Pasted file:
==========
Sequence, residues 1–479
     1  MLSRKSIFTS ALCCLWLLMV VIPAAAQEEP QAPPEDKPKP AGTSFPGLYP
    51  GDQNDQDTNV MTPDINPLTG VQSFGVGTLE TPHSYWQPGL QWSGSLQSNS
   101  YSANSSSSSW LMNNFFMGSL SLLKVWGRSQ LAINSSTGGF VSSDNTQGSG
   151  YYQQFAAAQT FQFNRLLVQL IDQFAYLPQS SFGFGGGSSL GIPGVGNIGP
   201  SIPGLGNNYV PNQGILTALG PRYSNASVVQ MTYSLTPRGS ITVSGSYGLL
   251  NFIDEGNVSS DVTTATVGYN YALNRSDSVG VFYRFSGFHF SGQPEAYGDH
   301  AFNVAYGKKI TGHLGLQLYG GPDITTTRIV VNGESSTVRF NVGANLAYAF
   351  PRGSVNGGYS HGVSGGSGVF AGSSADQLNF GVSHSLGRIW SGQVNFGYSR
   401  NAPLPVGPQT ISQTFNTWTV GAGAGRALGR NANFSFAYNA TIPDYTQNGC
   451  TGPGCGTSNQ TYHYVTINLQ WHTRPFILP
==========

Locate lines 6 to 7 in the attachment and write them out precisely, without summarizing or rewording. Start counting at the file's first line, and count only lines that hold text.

   201  SIPGLGNNYV PNQGILTALG PRYSNASVVQ MTYSLTPRGS ITVSGSYGLL
   251  NFIDEGNVSS DVTTATVGYN YALNRSDSVG VFYRFSGFHF SGQPEAYGDH